A zoo fit for the future

At Bristol Zoo with my Mum and my foster-cousin Lawrence in the summer of 1974

Bristol Zoo forms part of many Bristolians’ childhood memories. Some people will fondly remember watching Wendy the elephant stroll round the iconic gardens. Some may even remember seeing Wendy’s predecessor Rosie, or even Alfred the gorilla who delighted soldiers during WW2.

Opened in 1836, Bristol Zoo was founded at a time when people had a huge curiosity in animal science, but very little understanding of conservation. Today’s world is very different to then, and we now balance our inquisitive nature alongside the importance of animal welfare and the protection of endangered species.

Evolving with the times often includes making difficult decisions, and I commend Bristol Zoo for tackling this challenge head-on. Faced with continued financial strain, there really were only two choices; close for good, or take the bold decision to move to a more sustainable location with improved facilities for the animals and a better offer for visitors. I’m really thankful they chose the latter, and that future generations will be able to continue to locally learn about conservation.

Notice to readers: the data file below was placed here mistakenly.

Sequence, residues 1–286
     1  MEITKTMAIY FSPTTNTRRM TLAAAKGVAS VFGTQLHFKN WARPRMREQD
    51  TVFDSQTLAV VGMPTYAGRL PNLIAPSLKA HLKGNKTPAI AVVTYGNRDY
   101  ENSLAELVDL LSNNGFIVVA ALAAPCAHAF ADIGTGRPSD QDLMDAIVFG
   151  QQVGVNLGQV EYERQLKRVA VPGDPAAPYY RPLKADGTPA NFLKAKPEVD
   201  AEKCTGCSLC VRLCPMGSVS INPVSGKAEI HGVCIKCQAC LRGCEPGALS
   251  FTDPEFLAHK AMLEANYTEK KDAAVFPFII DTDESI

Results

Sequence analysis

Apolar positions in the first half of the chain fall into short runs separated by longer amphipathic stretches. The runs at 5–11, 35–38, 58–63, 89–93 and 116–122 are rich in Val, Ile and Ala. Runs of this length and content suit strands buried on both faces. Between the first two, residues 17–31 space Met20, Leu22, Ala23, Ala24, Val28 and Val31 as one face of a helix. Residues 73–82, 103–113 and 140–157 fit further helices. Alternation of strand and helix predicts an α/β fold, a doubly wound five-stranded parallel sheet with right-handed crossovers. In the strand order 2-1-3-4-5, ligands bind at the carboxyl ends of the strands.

The move also presents Bristol with a unique opportunity to develop homes on the site, and I am reassured about the Zoo’s commitment not only to working with the council, but also ensuring that any potential developer understands the need to retain and protect the gardens, only builds where buildings have stood, and includes affordable housing on the site – something which is hard to come by in Clifton.

At the moment, the majority of visitors to the zoo travel by car, bringing traffic straight through the city centre and posing difficulties with parking. We will work closely with the zoo, transport operators, and South Gloucestershire Council to find sustainable transport options for visitors to the new Bristol Zoo once it relocates and opens at the Wild Place Project site.

I myself look forward to visiting the new Bristol Zoo with my family for many years to come, and thank the zoo for its continued commitment to doing the very best for the city, and the animals we all love.

At Bristol Zoo with my cousin Anthony and my foster-cousin Lawrence in the summer of 1974